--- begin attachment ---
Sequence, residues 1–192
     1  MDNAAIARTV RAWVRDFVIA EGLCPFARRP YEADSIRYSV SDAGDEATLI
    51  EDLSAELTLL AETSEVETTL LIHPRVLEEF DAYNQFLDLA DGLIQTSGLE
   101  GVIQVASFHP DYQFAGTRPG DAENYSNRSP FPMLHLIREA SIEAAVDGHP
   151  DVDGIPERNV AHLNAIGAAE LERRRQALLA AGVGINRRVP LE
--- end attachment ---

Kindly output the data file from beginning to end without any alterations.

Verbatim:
Sequence, residues 1–192
     1  MDNAAIARTV RAWVRDFVIA EGLCPFARRP YEADSIRYSV SDAGDEATLI
    51  EDLSAELTLL AETSEVETTL LIHPRVLEEF DAYNQFLDLA DGLIQTSGLE
   101  GVIQVASFHP DYQFAGTRPG DAENYSNRSP FPMLHLIREA SIEAAVDGHP
   151  DVDGIPERNV AHLNAIGAAE LERRRQALLA AGVGINRRVP LE